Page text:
Artist Jaq Chartier

Ink that makes you think.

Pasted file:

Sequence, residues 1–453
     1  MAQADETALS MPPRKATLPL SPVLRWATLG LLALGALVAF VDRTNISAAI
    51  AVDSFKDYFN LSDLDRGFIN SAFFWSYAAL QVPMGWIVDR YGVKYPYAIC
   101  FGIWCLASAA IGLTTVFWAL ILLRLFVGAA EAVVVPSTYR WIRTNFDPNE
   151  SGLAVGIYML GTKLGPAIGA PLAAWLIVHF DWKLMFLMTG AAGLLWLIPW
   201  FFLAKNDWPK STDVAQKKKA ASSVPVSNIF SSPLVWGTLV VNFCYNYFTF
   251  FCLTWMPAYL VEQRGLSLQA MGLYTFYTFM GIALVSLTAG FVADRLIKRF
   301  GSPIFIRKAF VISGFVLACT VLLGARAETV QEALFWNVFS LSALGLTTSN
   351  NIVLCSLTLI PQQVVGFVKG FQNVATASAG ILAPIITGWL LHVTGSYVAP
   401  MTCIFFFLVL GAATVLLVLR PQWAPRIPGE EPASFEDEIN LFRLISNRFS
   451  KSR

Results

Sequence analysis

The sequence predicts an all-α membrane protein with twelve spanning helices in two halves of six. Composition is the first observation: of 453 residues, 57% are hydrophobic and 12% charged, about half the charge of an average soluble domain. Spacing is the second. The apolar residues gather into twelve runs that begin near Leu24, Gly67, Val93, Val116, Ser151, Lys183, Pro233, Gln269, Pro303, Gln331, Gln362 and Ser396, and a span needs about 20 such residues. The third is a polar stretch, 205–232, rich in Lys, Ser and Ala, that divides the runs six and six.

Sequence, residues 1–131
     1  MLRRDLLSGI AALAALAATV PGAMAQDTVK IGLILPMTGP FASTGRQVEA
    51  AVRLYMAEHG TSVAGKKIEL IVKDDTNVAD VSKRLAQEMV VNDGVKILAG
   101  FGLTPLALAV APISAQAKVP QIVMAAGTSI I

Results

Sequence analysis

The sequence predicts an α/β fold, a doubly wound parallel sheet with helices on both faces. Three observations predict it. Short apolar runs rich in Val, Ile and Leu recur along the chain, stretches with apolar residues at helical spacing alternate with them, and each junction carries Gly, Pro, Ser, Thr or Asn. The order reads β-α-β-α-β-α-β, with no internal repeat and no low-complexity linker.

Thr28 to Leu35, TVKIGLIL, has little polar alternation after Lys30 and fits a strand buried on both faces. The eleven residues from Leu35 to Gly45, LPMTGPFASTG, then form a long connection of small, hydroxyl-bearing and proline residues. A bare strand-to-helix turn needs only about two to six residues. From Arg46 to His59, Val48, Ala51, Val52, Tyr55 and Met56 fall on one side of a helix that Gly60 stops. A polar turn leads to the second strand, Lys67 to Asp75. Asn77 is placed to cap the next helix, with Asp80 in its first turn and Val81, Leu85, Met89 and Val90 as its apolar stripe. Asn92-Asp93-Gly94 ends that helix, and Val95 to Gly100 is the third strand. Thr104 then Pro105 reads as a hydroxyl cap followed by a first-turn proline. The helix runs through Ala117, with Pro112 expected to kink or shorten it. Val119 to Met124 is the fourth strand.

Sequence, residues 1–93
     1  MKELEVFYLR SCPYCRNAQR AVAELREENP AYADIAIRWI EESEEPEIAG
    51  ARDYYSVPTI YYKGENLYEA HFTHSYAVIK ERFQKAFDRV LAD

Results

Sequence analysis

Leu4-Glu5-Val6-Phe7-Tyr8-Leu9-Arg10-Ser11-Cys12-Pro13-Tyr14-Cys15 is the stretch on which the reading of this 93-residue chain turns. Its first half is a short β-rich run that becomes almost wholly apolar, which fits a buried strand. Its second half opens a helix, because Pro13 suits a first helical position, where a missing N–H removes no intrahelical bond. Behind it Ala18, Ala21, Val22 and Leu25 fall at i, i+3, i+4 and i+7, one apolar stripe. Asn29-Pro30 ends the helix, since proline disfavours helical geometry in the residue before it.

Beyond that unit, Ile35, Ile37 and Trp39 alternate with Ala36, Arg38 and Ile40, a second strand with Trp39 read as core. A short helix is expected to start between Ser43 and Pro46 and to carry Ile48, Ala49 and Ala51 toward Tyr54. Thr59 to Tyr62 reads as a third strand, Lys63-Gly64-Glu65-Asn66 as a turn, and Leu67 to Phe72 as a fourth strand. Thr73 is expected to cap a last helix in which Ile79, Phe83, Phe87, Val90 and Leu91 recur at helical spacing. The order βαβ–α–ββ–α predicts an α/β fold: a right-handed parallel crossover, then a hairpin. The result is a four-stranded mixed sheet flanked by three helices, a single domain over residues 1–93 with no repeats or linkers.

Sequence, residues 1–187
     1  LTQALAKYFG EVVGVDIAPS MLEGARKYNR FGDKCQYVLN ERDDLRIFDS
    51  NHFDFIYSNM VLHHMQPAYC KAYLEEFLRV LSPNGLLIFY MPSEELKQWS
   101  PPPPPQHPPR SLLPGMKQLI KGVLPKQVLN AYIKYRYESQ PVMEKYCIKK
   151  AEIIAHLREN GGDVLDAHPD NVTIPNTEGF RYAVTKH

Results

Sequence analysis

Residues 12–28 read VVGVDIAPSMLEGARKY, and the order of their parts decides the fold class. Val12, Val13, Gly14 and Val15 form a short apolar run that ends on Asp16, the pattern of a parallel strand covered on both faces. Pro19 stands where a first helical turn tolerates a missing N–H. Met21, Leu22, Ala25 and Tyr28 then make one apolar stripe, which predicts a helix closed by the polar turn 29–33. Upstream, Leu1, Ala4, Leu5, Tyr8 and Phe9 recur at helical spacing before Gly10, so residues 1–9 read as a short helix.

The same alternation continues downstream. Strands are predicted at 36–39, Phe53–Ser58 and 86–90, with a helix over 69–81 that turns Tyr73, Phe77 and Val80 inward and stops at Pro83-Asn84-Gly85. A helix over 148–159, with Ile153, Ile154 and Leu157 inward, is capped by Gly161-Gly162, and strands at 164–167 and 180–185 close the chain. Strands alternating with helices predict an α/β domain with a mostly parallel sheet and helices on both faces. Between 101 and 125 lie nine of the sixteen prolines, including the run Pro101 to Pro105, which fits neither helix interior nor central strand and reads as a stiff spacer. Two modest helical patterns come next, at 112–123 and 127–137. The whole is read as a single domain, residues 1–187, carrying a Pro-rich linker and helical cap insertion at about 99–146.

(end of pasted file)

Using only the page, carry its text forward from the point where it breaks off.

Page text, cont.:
Jaq Chartier's gorgeous, sensual paintings involve the careful droppering of inks and dyes onto open, white panels, creating patterns of grid, dot, and line, with intense hues lining up and bleeding into one another. Pencil markings both track the artist's progress and reveal the names of the pigments: Higgins Sepia Ink (used most often for calligraphy), Ruby Walnut (a compound mixed by the artist), and Eosin Y, a rich, almost fluorescent, magenta scientific stain that marks a transition in Chartier's palette from more muted tones. Employing this hue, many of the works in her Platform Gallery show are eye-swimmingly intense. The white box of the gallery works to great effect—Chartier's works seem to jump from the walls. Her pieces evoke the process behind their creation: You are witness to the artist's hand, the dropped dots of color, with her penciled process notes made public. One gets a very real sense that each piece could appear, depending on the lifespan, fade, or run of each ink, altogether differently than it does here; for example, Sun Test: Time Lapse, created with a fugitive ink, is disappearing. Exposed to the sun, this work now exhibits only a smeared horizon line of intense pink, though a video of the same name illustrates a stop-action fade over several years. Chartier's work is also shown at Brooklyn's Schroeder Romero gallery. When the gallery moves across the East River to Chelsea next spring, Chartier will get her first solo show in Manhattan—in her words, "a very big deal." You have until Saturday to take a look at one of the best, possibly the best, exhibits in our city right now. (Pictured: Little Grid w/4 Greens.) ADRIANA GRANT

 
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